SIU 2018: Multiparametric Ultrasound in Diagnosis of Prostate Cancer

Seoul, South-Korea (UroToday.com) Dr. Rukstalis gave a great talk about the role of “multiparametric” ultrasound in the diagnosis (and eventually treatment?) of prostate cancer – his terminology of multiparametic is slightly tongue-in-cheek, to take over the terminology from the MRI world. The basis for this talk is the concept that the future is merging diagnostics with therapeutics. Eventually, it will be hard to separate these two into distinct steps – and so, those who the diagnostics will do the therapeutics. If urologists are not careful, this can transition completely to radiology – in order to counteract this, we need to be on the forefront of the imaging diagnostics as well!

His talk focused on the improvements and new parameters / modes of ultrasound that can help improve ultrasound imaging, hopefully to a quality that can compete with mpMRI. More importantly, if it gets to that point, its ease of use and combination with biopsy can make this a more effective tool for prostate cancer diagnosis – no need for 2 appointments, 2 different rectal preparations, fusion of imaging modalities, etc. 

Prostate ultrasound, as with all ultrasound, is based on imaging obtained from pulses sound waves being sent at the tissue at a certain frequency, hitting the tissue and bouncing back – this information is processed into an image. However, the technology is rapidly improving – with much of the work being done in Europe and Asia.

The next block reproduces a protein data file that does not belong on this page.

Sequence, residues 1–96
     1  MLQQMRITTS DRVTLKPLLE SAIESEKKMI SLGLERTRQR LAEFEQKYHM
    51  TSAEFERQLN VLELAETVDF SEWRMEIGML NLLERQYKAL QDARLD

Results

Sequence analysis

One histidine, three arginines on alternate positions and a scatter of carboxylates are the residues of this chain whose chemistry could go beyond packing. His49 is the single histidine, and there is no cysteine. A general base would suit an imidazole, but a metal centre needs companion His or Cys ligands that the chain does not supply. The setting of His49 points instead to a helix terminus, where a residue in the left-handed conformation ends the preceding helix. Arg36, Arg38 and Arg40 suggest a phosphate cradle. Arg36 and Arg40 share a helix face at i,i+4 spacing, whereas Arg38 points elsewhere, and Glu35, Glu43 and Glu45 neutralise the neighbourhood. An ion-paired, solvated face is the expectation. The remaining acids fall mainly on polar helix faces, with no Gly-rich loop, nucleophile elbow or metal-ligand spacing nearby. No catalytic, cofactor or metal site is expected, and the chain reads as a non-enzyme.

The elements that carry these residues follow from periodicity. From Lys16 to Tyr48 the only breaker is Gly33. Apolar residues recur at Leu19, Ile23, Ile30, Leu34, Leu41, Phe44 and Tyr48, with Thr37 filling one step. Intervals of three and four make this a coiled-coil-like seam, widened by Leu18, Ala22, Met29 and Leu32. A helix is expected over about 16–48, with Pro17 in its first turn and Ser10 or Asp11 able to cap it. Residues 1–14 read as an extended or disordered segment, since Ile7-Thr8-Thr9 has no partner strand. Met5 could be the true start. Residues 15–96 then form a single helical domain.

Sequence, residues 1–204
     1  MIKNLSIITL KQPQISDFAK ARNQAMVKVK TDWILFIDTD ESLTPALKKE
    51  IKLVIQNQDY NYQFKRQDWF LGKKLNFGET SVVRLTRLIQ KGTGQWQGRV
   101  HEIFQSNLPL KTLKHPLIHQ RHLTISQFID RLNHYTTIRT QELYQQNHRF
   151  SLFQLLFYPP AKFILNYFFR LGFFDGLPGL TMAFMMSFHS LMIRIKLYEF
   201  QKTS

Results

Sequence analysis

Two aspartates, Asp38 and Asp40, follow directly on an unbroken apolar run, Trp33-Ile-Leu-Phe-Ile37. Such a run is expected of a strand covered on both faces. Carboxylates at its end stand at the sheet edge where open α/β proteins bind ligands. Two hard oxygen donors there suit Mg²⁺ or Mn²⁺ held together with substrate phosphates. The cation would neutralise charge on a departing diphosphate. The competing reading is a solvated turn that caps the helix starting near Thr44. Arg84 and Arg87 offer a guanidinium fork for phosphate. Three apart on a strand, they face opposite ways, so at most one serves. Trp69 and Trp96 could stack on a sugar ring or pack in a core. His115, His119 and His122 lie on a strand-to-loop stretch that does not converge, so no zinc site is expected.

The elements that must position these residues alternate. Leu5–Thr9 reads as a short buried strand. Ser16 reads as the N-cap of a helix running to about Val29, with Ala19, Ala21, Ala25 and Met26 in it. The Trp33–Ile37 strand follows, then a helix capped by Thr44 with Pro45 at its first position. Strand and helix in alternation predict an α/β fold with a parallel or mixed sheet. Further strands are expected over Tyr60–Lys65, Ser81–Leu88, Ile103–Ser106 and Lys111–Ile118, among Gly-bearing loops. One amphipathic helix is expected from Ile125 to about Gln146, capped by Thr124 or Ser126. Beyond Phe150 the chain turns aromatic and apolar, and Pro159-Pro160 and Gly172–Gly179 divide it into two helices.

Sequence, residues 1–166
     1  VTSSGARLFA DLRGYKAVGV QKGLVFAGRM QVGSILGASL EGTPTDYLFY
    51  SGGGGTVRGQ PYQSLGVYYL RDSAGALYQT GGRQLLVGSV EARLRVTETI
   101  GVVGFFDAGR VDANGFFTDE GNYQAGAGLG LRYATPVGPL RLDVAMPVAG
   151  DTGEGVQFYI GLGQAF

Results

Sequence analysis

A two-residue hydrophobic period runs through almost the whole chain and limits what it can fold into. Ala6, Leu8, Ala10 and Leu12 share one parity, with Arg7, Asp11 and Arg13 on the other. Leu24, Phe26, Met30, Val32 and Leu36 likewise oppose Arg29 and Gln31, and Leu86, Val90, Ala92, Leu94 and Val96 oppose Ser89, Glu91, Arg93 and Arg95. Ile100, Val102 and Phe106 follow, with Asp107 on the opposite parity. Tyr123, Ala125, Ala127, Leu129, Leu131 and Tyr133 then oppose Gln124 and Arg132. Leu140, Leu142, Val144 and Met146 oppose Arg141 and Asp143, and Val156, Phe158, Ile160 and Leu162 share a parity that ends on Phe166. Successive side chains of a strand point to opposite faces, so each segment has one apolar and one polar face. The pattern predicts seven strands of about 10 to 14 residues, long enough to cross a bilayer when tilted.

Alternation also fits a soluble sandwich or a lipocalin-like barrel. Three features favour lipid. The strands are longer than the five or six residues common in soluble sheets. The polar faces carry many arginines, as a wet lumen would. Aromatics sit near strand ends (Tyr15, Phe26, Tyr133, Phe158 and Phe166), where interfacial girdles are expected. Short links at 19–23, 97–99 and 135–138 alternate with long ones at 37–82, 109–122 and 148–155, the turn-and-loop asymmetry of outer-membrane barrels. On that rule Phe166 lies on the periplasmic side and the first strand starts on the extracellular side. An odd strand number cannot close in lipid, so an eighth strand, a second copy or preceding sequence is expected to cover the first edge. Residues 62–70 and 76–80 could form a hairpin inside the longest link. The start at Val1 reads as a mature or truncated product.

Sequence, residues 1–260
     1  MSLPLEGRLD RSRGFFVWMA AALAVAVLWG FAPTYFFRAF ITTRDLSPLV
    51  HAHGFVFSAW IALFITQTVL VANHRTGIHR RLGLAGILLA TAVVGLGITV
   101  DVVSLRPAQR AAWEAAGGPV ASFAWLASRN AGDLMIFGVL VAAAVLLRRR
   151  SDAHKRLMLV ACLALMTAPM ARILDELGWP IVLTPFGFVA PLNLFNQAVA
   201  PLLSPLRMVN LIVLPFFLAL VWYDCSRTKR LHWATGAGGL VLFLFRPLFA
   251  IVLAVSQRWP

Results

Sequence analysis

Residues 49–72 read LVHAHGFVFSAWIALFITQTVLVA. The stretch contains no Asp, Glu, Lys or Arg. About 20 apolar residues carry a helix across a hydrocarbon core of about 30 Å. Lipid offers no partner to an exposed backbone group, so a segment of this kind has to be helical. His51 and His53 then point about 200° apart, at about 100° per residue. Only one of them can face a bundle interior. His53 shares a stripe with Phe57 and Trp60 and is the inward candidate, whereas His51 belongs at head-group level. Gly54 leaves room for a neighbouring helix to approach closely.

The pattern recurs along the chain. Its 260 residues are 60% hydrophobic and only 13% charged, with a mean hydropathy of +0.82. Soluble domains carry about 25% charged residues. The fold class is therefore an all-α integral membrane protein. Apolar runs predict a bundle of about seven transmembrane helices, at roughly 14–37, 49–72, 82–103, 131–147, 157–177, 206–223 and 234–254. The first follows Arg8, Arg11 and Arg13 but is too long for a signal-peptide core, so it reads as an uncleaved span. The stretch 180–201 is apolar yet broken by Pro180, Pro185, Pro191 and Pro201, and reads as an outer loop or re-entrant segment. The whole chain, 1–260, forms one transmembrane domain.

There are 3 modes to his multiparametric ultrasound (mpUS) of the prostate.
1. B-mode (brightness mode) or Grey-scale – the “standard” imaging we think about when we do ultrasounds. Provides a 2D representation of the tissue. 
  • Traditionally, probes have used frequencies between 4-9 MHz – but this limits resolution in the tissue to 0.39 mm, which is not detailed enough to find and diagnose prostate cancer! Hence, the reason we moved to mpMRI.
  • However, there are newer probes with frequency of 29 MHz – with resolution of tissue down to 70 micrometers. As context – capillaries are 50 micrometers and single prostate glands are ~70 micrometers. Diameter of clinically significant PCa is ~ 5 mm.
  • Interestingly, due to increased resolution, PCa actually appears hyperechoic on this!
2. Doppler US of the prostate – employs M-mode (motion mode) to measure the doppler shift (effect on sound of the speed of flow). May use contrast agents (only 1 approved in the FDA and not specifically for prostate ultrasound).
  • Prostate cancer tends to be hypervascular – increased blood flow
  • Prior studies from European and Asian cohorts have demonstrated increased sensitivity for PCa by targeting hypervascular areas
3. Elastography – ultrasound probes generate pressure waves that hit tissue and return to the probe. This can be used to measure the “stiffness” of the tissue, similar to way we look for “nodules” on DRE.
  • Malignant tissue is more stiff than surrounding benign tissue
  • Elastography has been demonstrated in smaller trials to have good sensitivity and specificity for PCa diagnosis
Therefore, the new mpUS is a combination of these three modes. Regions with hyperechoic, hypervascular regions that are poorly elastic are highly concerning for cancer – similar to PIRADS 5 lesions on mpMRI!
  • There is a likert scale for ultrasound reporting
There is still work that needs to be done to improve the technology, but at some point in the future, we will need to compare to mpMRI. There is still a role for mpMRI, but it will be better to get a better ultrasound guided initial prostate biopsy in patients – and reduce the need for future biopsies and mpMRI! 

Presented By: Dan Rukstalis, Professor of Urology at Wake Forest University School of Medicine, Winston Salem, North Carolina

Written By: Thenappan Chandrasekar, MD, Clinical Instructor, Thomas Jefferson University Twitter: @tchandra_uromd, @TjuUrology at the 38th Congress of the Society of International Urology - October 4- 7, 2018 - Seoul, South Korea
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